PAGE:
Ben Bernanke’s, too.
A glitch in the monetary matrix? Fed watchers will recall that shortly after he departed the Fed to make way for Janet Yellen, Ben Bernanke first joined the Brookings Institution in DC (before also joining PIMCO and Citadel as an advisor), where he became blogger emeritus. Show More Summary
Authored by Chris Hamilton via Econimica blog, I know the Federal Reserve doesn't effectively create money or directly monetize. I know this because then Fed chief, Ben Bernanke, told us so (HERE). But still, something has me wondering...Show More Summary
In 2013, then-Federal Reserve Chair Ben Bernanke wrote a letter to Congress in which he said, “Virtual currencies may hold long-term promise, particularly if the innovations promote a faster, more secure and more efficient payment system.”...Show More Summary
Authored by Gail Tverberg via Our Finite World blog, Economists, including Ben Bernanke, give all kinds of reasons for the Great Depression of the 1930s. But what if the real reason for the Great Depression was an energy crisis? When...Show More Summary
Optimal quantitative easing Richard Harrison Bank Underground, DECEMBER 2017 Ben Bernanke famously remarked that “the trouble with QE is that it works in practice but not in theory”. And ahead of its adoption, many academics were sceptical that QE would have any effects at all. Show More Summary
One of the most durable claims of cryptocurrency skeptics is that "governments will ban bitcoin once it threatens their fiat currency or their control." Ben Bernanke recently gave voice to this claim as if it was received wisdom. Sorry,...Show More Summary
In 2002, Stock and Watson pointed out that the growth real rate of real GDP between 1984 and 2001 was much lower than it had been between 1960 and 1983, a phenomena dubbed the great moderation. In 2004, Ben Bernanke credited better monetary...Show More Summary
The good news is that Goldman believes “precious metals remain a relevant asset class in modern portfolios, despite their lack of yield” and disagrees with Ben Bernanke and the naysayers “They are neither a historic accident or a relic. Show More Summary
Two months ago we noted former Fed chief Ben Bernanke's apparent flip-flop since leaving office as he agreed to be the keynote speaker at a blockchain conference. Having warned in 2015 of "serious problems" with bitcoin due to its "instability" and "anonymity"... [Bitcoin]'s interesting from a technological point of view. Show More Summary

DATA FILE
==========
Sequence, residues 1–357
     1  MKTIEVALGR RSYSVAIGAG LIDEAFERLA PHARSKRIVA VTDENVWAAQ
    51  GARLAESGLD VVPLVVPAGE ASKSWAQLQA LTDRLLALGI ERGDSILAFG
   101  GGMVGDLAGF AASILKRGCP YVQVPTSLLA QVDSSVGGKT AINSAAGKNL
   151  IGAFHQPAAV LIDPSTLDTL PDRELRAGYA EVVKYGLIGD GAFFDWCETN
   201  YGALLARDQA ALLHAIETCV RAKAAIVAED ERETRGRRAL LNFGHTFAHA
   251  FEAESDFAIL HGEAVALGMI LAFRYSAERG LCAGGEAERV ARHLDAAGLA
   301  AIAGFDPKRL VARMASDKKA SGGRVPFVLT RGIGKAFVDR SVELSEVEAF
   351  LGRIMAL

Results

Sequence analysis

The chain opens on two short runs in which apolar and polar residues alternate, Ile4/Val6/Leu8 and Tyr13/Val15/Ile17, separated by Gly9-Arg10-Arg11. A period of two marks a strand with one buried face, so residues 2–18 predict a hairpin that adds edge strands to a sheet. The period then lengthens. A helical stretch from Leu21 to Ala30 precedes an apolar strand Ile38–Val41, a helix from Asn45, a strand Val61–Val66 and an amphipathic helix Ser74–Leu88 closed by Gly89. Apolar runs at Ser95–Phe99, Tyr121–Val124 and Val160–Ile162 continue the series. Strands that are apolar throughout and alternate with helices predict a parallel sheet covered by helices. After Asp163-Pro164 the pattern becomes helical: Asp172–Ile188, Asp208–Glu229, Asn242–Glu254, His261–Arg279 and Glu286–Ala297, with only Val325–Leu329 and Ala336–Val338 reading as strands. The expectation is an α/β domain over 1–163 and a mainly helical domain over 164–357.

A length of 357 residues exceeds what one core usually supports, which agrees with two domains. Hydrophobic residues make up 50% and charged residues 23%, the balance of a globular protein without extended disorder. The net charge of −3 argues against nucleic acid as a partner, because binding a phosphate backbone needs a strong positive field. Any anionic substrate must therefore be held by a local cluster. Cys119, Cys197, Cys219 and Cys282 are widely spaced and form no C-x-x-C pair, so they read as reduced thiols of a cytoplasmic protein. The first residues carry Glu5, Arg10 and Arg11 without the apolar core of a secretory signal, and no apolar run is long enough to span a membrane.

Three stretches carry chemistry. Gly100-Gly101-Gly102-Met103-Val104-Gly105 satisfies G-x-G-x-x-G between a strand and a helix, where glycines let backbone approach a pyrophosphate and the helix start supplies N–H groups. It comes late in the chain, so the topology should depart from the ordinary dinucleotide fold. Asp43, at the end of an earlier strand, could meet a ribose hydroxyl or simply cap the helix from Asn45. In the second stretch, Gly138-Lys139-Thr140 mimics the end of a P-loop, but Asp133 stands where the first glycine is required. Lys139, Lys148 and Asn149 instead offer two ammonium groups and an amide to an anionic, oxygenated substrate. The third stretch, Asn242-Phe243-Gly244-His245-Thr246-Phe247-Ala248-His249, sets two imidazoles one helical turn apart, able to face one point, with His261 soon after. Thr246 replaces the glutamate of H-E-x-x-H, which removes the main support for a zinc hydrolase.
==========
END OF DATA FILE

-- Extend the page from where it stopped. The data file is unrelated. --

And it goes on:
Robert Samuelson used his column to relate concerns expressed by former Fed chair Ben Bernanke that the Fed would lack the ability to fuel a recovery when the United States next falls into a recession. Although Samuelson doesn't go into...Show More Summary
Many years ago, when it was still unclear who would replace then outgoing Fed chair Ben Bernanke, Zero Hedge endorsed John Taylor for the role of Fed chair: a futile endorsement as it had no chance of ever coming true due to Taylor's...Show More Summary
Having taken a four month hiatus from blogging, Citadel advisor and former Fed chair Ben Bernanke penned another article on his Brookings blog in which he discusses a familiar subject: that the Fed has run out of tools, a problematic...Show More Summary
I wrote earlier today that I believe Ben Bernanke one of the smartest men around. Whatever you might think of the usefulness of his career work, it is quite clear it was accomplished with some great talent. He occasionally offered some good, novel insight. Show More Summary
By Michael Shedlock – Ben Bernanke will join Sir Tim Berners-Lee as keynote speakers at the “Swell” cryptocurrency conference October 16-18 in Toronto. I don’t have an opinion on where Bitcoin is headed in any particular timeframe.
Authored by Jeffrey Snider via Alhambra Investment Partners, Ben Bernanke, then Chairman of the Federal Reserve, told Congress in March 2007 that subprime was contained. He will rightfully be remembered in infamy for that, but that wasn’t the most egregious example of being wrong. Show More Summary
Ben Bernanke, then Chairman of the Federal Reserve, told Congress in March 2007 that subprime was contained. He will rightfully be remembered in infamy for that, but that wasn’t the most egregious example of being wrong. The post Subprime...Show More Summary
Ten years ago CNBC's Jim Cramer made his feelings clear when he sounded off on then Fed Chairman Ben Bernanke.
There was a funny sort of Congressional exchange all the way back in November 2005 that in a weird way defines our world today. At the nomination proceedings on whether to confirm Ben Bernanke as Alan Greenspan’s successor, Senator Jim Bunning of Kentucky wanted the prospective Fed Chairman to first answer for M3. Show More Summary